Running the London marathon in 2009?

I decided last year that running a marathon wasn’t going to feature in my running plans for 2008. I’d been aware of just how much training was required for a half marathon, so doing a full marathon along with running my own business, and having a life and time with Frances just wasn’t practical. Oh, yes, and given London was the marathon I wanted to do, that we were getting married the day before sort of put pay to any small notions I still had.

As my fellow running club members built up to London 2008, my appreciation of the time and effort required increased further. It’s a lot more than “just twice the distance” of the (easier) half marathon, and really tests mind and body to the limit. 20 mile training runs take a long time, and that means a large part of rare free time is eaten up for a good few weeks, and if the weather is inclement, it’s hardly a lot of fun getting out to get the miles done. The support of a running club geared up for the race would seem essential.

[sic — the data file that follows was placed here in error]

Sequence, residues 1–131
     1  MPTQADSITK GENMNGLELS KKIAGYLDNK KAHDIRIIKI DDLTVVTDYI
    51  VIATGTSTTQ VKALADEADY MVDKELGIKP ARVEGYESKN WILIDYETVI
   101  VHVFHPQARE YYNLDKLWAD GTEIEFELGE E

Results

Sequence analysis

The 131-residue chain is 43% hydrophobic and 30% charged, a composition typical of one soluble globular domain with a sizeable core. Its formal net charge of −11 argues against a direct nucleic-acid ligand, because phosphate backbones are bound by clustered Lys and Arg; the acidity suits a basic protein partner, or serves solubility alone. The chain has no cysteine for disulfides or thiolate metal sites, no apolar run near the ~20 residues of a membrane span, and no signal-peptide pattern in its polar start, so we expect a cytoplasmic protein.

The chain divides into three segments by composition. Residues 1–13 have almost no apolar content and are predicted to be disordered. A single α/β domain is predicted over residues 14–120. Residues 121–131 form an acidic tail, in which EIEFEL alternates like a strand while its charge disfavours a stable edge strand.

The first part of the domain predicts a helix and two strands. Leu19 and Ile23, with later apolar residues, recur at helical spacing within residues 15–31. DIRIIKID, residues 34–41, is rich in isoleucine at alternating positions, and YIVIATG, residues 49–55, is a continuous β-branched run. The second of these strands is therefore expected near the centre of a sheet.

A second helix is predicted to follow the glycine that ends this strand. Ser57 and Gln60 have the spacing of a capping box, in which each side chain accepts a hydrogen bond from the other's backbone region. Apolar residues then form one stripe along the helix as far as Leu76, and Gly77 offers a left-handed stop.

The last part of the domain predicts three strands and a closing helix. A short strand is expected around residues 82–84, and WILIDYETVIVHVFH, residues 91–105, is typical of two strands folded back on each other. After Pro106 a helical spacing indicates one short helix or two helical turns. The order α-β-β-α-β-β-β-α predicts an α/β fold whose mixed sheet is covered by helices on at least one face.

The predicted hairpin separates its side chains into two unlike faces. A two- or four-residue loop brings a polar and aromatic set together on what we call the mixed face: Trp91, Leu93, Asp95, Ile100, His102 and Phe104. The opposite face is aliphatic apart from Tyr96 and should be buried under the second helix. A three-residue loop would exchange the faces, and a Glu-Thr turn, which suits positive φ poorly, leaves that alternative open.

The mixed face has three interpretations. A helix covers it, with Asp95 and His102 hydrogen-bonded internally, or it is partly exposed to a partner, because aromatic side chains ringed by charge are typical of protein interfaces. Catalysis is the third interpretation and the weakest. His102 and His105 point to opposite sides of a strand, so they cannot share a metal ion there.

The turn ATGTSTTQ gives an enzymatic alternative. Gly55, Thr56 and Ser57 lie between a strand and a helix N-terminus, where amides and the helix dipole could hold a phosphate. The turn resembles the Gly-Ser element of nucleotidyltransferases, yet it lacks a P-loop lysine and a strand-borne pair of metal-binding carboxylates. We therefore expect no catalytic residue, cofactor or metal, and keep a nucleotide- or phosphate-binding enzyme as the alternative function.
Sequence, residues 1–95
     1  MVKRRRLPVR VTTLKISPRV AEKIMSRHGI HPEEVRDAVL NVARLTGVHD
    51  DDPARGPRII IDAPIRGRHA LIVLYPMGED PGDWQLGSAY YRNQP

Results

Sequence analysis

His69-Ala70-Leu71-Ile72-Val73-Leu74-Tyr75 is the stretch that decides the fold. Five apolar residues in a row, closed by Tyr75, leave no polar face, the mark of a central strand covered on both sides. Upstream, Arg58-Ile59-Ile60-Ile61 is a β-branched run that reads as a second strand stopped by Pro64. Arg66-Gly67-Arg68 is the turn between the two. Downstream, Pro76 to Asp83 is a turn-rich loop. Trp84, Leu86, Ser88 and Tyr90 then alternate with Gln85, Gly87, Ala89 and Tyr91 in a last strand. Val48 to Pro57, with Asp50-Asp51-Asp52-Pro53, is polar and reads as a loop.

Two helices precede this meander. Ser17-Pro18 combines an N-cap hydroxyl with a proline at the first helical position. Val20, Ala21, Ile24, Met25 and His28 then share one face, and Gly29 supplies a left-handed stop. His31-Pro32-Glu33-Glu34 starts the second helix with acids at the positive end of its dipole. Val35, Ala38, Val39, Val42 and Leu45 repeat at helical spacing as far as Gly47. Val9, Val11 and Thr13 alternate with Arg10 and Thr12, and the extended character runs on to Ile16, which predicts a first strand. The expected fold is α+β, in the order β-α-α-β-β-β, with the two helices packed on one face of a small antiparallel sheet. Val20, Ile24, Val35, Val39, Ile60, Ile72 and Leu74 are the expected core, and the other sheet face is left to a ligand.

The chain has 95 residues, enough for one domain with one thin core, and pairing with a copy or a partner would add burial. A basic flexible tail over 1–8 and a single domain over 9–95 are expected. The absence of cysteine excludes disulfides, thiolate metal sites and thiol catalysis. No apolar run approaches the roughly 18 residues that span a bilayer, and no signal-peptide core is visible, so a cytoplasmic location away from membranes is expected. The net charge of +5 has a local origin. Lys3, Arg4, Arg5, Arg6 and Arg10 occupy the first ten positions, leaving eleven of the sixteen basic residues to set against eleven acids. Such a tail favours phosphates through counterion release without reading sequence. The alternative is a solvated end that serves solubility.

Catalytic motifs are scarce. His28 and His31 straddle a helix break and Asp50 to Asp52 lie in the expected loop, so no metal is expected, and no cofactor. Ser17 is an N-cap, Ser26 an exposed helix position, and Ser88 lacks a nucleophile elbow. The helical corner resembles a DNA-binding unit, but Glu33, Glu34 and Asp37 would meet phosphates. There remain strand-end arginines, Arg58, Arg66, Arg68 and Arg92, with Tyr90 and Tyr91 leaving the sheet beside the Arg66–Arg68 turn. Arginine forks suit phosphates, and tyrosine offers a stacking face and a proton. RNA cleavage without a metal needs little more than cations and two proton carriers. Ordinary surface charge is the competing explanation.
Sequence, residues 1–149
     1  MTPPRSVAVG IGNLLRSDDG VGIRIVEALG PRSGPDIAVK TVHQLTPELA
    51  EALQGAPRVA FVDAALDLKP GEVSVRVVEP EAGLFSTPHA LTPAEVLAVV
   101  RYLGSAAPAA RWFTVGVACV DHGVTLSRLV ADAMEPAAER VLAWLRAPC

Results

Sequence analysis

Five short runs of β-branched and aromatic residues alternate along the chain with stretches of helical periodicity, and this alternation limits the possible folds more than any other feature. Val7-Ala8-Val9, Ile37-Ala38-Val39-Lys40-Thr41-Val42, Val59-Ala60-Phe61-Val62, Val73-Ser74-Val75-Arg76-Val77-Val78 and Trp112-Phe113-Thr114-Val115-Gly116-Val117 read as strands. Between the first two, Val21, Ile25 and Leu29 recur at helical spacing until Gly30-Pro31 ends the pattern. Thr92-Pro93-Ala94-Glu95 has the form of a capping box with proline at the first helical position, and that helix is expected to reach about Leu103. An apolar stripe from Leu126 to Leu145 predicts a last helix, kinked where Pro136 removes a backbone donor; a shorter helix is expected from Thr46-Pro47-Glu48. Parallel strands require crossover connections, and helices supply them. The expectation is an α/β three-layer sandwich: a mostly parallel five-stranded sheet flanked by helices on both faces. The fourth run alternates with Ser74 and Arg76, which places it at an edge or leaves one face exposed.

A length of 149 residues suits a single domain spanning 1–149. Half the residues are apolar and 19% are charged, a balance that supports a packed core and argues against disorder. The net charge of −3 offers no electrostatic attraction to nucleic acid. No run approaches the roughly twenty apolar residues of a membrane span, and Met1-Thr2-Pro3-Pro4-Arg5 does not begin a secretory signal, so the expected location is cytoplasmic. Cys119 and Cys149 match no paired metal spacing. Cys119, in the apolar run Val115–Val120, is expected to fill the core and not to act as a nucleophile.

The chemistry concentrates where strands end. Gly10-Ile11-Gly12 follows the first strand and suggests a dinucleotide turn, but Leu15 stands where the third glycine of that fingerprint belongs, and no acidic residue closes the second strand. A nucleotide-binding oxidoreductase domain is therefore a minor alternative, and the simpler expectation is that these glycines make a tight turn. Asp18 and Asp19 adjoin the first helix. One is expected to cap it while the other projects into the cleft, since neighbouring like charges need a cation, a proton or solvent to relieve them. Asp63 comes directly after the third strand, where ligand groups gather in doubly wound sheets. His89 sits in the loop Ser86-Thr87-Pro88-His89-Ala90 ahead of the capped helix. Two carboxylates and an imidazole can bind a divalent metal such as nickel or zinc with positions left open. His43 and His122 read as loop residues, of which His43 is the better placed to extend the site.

However, part of me still wanted to give it a go at some point. I get the impression it’s something every runner needs to have a go at at *some* point. Even just once. I’d also thought it’d be good to see about beating my charity total from Glasgow 2007. So I resolved a month or two back that I’d enter the ballot for London in 2009 when it opened.

Earlier this week I heard the application process had opened, just a week after the 2008 marathon finished. So to cut a long story short, and with a year and a day to go, I entered the ballot for London 2009 yesterday lunchtime.